Last time around I was asked for my thoughts on the newer champions of poker. Well now theres been a fair amount of recent discussion on Twitter concerning Super High Roller (SHR) events, re-buys in them, and how the all-time money winner lists are tainted because of them.  (The Twitter talk was about recent $100k buy-in events.)  Here is my take on all that:

#1 It’s Just Simple Economics

First, as long as there is supply and demand, SHR’s will continue.  Second, some players and casino’s love re-buy tourney’s and others don’t.  Re-buy events give certain players (those where money is no object) an edge, makes it more of a reason for big-name players to travel to events (which promoters want), creates larger prize pools, and allows casino’s to ‘guarantee’ prize pools with much more confidence.  But, any time there is a re-buy tournament, the opportunity to win is not equal.  It’s your choice to play or not.  Third, some feel the “all-time money winner” list is tainted because of these SHR’s & re-buys.  They are.  Get over it.  Here’s a news flash – the all-time money winner list has always been bogus.  That’s because they don’t deduct entry fees, re-buys, or acknowledge what percentage a player has of themselves (which there is no way to track).

#2 These ‘career earnings’ of players are bogus

The poker industry (i.e., the WSOP, WPT, EPT, etc.), has always used whatever the player cashes out for as the number that goes on their career earning list.  And TheHendonMob.com (poker’s largest database which I think is a great site) compiles every tournament result for every player using that ‘cash out’ number.  Yes, these ‘career earnings’ of players are bogus, but I love that we have these stat’s on players (number of cashes, final tables made, career earnings, etc) and I’m guessing nearly everyone else does too.

#3 Simply put they aren’t close to reality

Let’s talk about the bogus part.  Does anyone think the tax returns of the top poker players over the last ten years resembles anything like what their “all-time career earnings” looks like over that time span?  Well, they don’t – nor should they.  They aren’t trying to get one over on Uncle Sam, but their listed career earnings simply aren’t close to reality.  For example, let’s say a player cashes for $400k in tournaments over the course of a year. He might have $200k in entry fees and probably has $50k in travel, hotel, and food expenses.  And he could also have a backer who staked him, meaning he only got 50% of the winnings.  Thus, his real earnings for the year would be $75k.  As you can see, that’s far less than his listed earnings of $400k.

#4 Not even close

Antonio Esfandiari is the “all-time money winner” (tournament results only) in poker history with over $26M.  Does anyone really believe he’s made that much or is the all-time money winner?  Well, he didn’t – and he isn’t.  But, because of the way the industry keeps track of those stats, he is – and he should be!  Daniel Negreanu recently cashed for $550k in a $100k SHR event – but he re-bought four times and was in for $500k.  (You gotta love his persistence.)  I cashed in both ONE DROP tourney’s in 2012 & 2013 (only Antonio and I did that) for over $1.3M but my entry fees were $1.1M.  I had 50% of myself so my ‘earn’ was just over $100k for those two events but my “all-time career earnings” went up $1.3M.  The point is, no one’s actual “career earnings” is what is listed.  And when you factor in cash games, who knows who are the biggest winners in poker history?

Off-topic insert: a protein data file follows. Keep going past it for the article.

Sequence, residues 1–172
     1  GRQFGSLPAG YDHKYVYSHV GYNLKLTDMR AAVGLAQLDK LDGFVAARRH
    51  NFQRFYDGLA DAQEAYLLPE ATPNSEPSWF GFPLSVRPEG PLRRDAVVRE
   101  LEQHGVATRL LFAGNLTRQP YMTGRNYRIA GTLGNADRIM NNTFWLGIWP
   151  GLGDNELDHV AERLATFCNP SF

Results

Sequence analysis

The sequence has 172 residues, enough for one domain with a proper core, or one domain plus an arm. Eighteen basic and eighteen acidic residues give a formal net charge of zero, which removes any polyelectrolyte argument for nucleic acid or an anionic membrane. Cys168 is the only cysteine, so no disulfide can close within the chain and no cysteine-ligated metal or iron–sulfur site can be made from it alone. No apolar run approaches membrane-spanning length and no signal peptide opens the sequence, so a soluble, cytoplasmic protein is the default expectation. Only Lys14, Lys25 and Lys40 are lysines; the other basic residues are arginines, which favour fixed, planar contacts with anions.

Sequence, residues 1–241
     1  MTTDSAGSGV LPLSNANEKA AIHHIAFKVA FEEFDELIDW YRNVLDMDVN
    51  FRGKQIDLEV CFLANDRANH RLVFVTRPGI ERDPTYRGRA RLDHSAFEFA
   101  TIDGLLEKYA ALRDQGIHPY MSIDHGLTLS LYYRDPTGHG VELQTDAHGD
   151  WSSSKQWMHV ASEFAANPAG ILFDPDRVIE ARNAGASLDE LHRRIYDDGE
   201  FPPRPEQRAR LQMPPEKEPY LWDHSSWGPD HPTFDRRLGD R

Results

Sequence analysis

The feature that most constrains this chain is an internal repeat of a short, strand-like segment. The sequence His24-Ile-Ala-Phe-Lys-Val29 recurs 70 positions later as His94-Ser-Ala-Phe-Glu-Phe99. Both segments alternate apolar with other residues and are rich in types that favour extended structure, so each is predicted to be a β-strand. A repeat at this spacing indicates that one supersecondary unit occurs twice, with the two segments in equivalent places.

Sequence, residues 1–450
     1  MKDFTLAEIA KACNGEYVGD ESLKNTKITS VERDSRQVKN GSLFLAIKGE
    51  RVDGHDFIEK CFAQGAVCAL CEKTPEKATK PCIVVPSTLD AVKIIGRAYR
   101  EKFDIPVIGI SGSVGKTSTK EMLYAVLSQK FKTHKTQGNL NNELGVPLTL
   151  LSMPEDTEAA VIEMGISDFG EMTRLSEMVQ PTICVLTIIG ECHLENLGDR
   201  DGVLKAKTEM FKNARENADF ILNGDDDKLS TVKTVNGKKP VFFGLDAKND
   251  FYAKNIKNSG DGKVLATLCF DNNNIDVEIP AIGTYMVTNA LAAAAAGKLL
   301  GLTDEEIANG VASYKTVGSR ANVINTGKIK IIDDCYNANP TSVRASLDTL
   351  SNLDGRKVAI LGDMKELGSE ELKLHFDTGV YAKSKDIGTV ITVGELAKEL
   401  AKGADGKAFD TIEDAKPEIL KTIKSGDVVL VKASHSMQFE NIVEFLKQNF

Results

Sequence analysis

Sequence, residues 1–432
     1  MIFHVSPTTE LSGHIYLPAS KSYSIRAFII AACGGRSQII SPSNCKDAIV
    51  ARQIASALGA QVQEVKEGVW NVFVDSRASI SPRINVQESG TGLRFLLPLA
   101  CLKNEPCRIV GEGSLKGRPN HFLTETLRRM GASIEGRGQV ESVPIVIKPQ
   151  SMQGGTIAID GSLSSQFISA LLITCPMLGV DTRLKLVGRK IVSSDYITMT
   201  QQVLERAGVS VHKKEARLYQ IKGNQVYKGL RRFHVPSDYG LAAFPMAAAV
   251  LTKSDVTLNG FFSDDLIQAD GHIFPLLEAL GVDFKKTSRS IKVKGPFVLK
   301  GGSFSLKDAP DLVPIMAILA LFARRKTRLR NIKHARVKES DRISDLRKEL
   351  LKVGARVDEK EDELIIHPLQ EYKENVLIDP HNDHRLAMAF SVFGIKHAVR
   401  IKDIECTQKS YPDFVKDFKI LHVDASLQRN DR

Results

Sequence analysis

#5 Are you kidding me?

I was always amused/confused when I heard people belittling Antonio a little after he won the ONE DROP.  They said, “He didn’t win $18M. He was only playing for 15-20%.”  Are you kidding me?  ‘Only’ 15-20%?  That’s $2.7M – $3.6M – which is a HUGE score for any poker player – probably the biggest in their life.  And how about the perks and endorsements Antonio will receive in his lifetime as a result of that ONE DROP win?  They’ll be BIG and well deserved.

#6 I don’t care what percent their playing for

A wise man once said to me, “It’s much more impressive to be able to borrow $1M than it is to have $1M.”  I’ve always loved that statement.  I’m more impressed to see players who can get themselves pieced out and/or staked in SHR’s or the ONE DROP than those who can easily buy-in or even those who finish in the money in them!  Do you know how good you have to be (or for people to believe you’re that good) to get staked in those tourney’s?  I admire players who get staked in any tournament and recommend players to piece themselves out if that’s the only way they can play.  Rather than belittle them for only playing for “x” percent, I admire them for getting in.  I salute anyone who plays in SHR’s or the ONE DROP – and I don’t care what percent their playing for.

#7 Give it some time

And FYI, five/ten years from now, there won’t be one player in the top twenty on the “all-time money list” who doesn’t finish high in at least one WSOP main event, do well in the ONE DROP, or play a lot of SHR events.  Not one.  Deal with it.

What are your thoughts? Let me know below.

Update –  Comments from Alexandre Dreyfus (Director of Global Poker Index & The Hendon Mob )

Shortly after we ran this article we were contacted directly by Alexandre Dreyfus (Director of Global Poker Index & The Hendon Mob ) to talks about Mike’s comments you can read his own words here: http://ow.ly/tLTFt 

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